The Budos Band, a Staten Island, New York-based Afro-soul group, traveled to Boston for a performance at the Museum of Fine Arts in August 2007. The band's repertoire and second studio album, The Budos Band II, released on Daptone Records, feature several original compositions that blend their distinctive mix of Afrobeat, soul, and funk inspired by Ethiopian popular music from the 1960s and 1970s. Their music is characterized by 6/8 Afro-Cuban rhythms, heavy grooves, strong melodic bass lines, and harmonic support by a Farfisa organ.1 While these are features found in many styles and genres, what lends the Budos Band's music an unmistakable Ethiopian sound is the combination of these elements with the unique pentatonic scales-employed liberally in the melodies of their compositions and, especially, solos of organist Mike Deller-characteristic of most popular and folkloric Ethiopian music.2
However, on the Budos Band's website, Myspace page, and their new album's liner notes, there is no mention of any Ethiopian influence to their music. Rather, the website's description makes note of their debut album's "groundbreaking exploration of funk, afro-beat and soul music" and their new album's delivery of "themes at once resonant and ethereal over Herculean rhythms" ("Detailed Description," emphasis added). Indeed, it is the Budos Band's compositional and improvisation "themes" which seem to the attuned ear to draw heavily on Ethiopian music.
It is not my intention to indict the Budos Band, or any musical group, for not expressly indicating the sources of each of their musical influences-be they Ethiopian, Nigerian, or James Brownian. Rather, I am interested in what George Lipsitz has described as "transformations in our relationships to both physical places and discursive spaces" (3), which in the case of the Budos Band's recent foray into Ethiopian music, addresses several important issues in the discourse of global popular music, including ownership, authenticity, translation, hybridity, and amalgamation.
But often left out in this discourse are details of mobility and mediation, of agents and agency. In other words: how and why music travels to distant parts of the world. What forces are behind Ethiopian popular music's voyage through thousands of miles spanning some forty years, a voyage that eventually introduced this music into the mix of global pop? As this decade comes to a close, why are there increasingly more music ensembles, especially from outside Ethiopia, influenced by or performing covers of Ethiopian music? As Bob Young of the Boston Herald astutely observed in his preview of the Budos Band's concert at the MFA: "it's not a Buena Vista Social Club-like trend yet, but Ethiopian Afropop is starting to seep into our culture in the same infectious way Cuban music did a few years back" ("Budos Band" 36). [End Page 299]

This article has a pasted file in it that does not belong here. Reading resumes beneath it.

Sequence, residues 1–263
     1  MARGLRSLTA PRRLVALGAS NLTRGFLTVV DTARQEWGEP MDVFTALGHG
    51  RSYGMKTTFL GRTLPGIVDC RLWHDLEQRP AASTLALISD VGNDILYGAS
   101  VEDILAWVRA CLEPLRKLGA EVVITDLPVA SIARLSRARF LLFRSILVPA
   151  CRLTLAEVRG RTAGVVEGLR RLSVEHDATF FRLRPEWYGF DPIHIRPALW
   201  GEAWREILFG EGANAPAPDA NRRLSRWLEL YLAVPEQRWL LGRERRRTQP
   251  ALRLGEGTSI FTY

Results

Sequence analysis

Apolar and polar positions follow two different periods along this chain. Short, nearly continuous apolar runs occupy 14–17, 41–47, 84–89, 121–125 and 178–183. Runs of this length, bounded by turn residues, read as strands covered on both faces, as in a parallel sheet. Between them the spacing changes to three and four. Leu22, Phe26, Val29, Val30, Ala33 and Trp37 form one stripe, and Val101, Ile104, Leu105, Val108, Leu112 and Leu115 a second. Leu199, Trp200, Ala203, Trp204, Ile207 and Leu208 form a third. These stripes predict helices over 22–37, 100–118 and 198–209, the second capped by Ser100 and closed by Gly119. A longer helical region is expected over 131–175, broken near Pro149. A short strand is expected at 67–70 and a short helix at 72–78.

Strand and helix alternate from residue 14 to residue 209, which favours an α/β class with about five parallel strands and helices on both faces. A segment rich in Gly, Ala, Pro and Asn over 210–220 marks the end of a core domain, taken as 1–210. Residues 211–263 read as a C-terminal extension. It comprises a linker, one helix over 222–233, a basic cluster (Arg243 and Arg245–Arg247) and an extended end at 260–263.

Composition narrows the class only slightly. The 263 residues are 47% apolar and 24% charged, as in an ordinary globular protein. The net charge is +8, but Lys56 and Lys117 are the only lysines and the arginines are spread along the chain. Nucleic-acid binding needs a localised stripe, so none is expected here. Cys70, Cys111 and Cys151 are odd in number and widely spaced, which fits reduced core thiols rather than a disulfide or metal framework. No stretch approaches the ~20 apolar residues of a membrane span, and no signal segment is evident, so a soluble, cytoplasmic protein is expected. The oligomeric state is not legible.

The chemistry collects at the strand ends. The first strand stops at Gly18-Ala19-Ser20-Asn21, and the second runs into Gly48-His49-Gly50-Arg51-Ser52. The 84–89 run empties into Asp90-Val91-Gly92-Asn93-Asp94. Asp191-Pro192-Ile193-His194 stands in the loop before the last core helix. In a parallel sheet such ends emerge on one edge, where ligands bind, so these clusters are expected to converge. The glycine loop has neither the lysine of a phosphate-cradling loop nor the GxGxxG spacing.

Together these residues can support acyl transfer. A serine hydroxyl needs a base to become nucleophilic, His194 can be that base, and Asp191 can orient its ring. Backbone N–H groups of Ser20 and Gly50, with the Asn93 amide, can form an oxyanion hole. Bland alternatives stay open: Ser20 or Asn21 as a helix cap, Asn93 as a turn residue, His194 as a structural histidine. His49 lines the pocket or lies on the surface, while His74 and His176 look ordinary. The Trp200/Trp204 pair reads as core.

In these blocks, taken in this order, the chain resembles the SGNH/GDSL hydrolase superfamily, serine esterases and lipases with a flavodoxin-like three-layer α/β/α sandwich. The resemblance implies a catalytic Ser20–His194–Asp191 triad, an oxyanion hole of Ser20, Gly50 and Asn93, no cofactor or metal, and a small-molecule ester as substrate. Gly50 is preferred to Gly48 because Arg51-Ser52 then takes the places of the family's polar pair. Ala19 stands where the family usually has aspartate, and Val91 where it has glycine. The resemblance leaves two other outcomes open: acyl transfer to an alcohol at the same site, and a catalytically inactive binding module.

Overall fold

This essay examines the recent phenomenon of Ethiopian popular music performance by non-Ethiopian music ensembles in America and in Europe-including the Budos Band, Either/Orchestra, and many others-and considers what factors, musical or otherwise, led to various stylistic ideas and developments during the process of the phenomenon's gestation.3 Each of the ensembles in question draws inspiration from particular elements of Ethiopian music in their own distinctive ways, but the common denominator is the Ethiopiques series, a twenty-three volume series of recordings that consists mostly of reissued Ethiopian music from the 1960s and 1970s.
I base my findings not only on theoretical works in global popular music and cultural studies, but also on close readings of Ethiopiques's liner notes, interviews, and blogs.4 The significance of the Ethiopiques series' role in presenting, documenting, and popularizing Ethiopian music from the 1960s to 1970s-a period series director and founder Francis Falceto has termed Ethiopia's "golden age"-warrants further study, and is a project that fits within a body of literature by scholars working on globalization, recording studios, and hybrid genres in popular music.5 For the purposes of this essay, I look exclusively at the reissued Ethiopiques volumes from the "golden age," as these have been the most...